It’s been an interesting close to 2017 for the UK economy overall, with Brexit talk dominating the UK financial markets throughout – something that market participants have become well accustomed to. Recently, Bank of England Governor, Mark Carney, come under fire from the House of Lords over the Bank’s forecasts ahead of Brexit, saying they correctly showed the economy would suffer.
Carney indicated that the forecasts predicted a sharp decline in sterling, a rise in inflation and a slowdown in growth, all of which we have seen in the past couple of months. Inflation continues to put pressure on the UK household as it remains at a record high of 3%, well above the Bank’s 2% inflation rate target.
If we take a closer look at Sterling over the past month, and in particular against the Euro, there have been signs of support for the struggling pound. EUR/GBP tested over 89p at the start of the year, however, support has been shown for the pound since then with support levels just above 87p mid-January. A similar looking picture against the Aussie Dollar with resistance levels breaking 0.58 only to show a heavy bid on Sterling taking the currency pair to levels as low as .5615.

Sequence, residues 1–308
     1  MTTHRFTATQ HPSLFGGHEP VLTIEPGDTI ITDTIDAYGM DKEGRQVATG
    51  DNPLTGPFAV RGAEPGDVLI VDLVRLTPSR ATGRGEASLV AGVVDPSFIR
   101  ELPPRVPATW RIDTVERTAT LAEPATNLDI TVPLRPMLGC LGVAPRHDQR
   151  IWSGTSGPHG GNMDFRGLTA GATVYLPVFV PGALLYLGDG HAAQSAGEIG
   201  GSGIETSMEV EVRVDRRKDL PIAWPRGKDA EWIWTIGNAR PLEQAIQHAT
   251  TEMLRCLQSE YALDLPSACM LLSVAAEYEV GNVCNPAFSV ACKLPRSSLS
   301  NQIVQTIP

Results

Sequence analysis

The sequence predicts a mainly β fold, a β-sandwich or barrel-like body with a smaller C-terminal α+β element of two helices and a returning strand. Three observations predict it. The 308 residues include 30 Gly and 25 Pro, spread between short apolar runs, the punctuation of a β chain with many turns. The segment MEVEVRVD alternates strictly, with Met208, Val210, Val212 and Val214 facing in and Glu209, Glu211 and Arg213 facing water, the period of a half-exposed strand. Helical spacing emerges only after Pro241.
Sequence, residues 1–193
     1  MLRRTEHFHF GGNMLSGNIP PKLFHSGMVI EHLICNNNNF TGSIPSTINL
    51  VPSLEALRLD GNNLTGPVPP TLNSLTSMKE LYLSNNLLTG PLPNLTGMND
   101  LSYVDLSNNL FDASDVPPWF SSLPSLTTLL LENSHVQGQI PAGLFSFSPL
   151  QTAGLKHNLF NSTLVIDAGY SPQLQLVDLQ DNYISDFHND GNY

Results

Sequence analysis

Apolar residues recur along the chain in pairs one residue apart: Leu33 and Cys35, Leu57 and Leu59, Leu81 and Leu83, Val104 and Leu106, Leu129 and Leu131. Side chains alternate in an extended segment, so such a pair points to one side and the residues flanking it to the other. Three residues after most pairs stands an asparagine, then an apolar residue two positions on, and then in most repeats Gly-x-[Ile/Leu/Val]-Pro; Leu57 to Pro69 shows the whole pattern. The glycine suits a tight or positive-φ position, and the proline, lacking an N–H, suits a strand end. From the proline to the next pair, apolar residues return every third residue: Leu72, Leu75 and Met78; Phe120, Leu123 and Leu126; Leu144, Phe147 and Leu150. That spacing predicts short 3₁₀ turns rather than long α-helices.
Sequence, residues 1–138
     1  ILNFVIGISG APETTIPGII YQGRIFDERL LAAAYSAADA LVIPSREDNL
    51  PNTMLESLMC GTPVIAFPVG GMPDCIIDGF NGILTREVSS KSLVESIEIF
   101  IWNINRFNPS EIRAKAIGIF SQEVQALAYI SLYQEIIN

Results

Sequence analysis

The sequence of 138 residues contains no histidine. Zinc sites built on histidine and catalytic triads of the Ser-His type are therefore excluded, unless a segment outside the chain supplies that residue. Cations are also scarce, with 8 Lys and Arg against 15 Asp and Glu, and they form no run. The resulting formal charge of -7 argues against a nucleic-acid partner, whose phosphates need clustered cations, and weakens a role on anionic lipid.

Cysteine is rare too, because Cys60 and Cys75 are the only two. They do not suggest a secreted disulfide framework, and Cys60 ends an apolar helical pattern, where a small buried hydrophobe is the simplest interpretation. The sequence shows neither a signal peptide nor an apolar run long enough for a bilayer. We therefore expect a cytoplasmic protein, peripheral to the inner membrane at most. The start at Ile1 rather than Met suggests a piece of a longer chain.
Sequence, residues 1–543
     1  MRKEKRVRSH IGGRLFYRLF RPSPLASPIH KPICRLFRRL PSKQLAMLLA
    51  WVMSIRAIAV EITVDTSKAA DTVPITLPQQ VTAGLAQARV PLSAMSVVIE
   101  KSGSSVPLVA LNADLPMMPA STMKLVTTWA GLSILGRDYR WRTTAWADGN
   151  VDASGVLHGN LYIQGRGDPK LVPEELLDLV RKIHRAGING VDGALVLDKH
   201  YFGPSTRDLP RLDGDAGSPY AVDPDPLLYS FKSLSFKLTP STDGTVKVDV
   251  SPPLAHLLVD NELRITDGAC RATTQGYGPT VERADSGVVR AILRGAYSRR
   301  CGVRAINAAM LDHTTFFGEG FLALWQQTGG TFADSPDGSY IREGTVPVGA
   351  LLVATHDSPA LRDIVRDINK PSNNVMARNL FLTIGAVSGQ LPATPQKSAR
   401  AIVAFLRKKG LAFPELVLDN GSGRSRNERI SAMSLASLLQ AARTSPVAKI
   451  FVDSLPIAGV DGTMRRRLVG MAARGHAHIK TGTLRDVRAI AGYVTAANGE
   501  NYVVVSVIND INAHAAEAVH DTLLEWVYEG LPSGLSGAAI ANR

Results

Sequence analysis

One currency pair worth keeping an eye on for February is GBP/USD. We continue to see support for the Greenback here, with a continuous upward trend from 1.35 at the start of the year to a new yearly high above 1.4270. Price action for the month ahead remains relatively low given no change is expected on the BoE rate decision, however, if we do see a reduction in inflation, this could support the Sterling. Brexit negotiations will continue to influence the GBP throughout the month.
On the 8th of February, the Bank of England will release their Interest Rate decision with no change expected to the current base rate of 0.5%. Inflation figures will be released on the 13th February. This is something the Bank will be keeping a close eye on. There is no expected change on the current 3% figure, however, a reduction could see support for the pound.
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USD – falling on hard times
Month in Review
The US dollar is off to its worst start in 21 years, with the USDX (US Dollar Index) at December 2014 lows pushing past the key ‘90’ level of resistance. The greenback fell against every G-10 currency, faring worst against the Norwegian Krone and Swiss Franc.
The sell-off in the USD has come off the back of dovish comments from U.S. Treasury Secretary Mnuchin about the benefits of a weaker dollar and protectionist moves by Trump imposing new tariffs on a range of goods. However, the anticipated end of QE in Europe and Japan has also contributed to the sell-off with several bond market yields moving from negative to positive territory.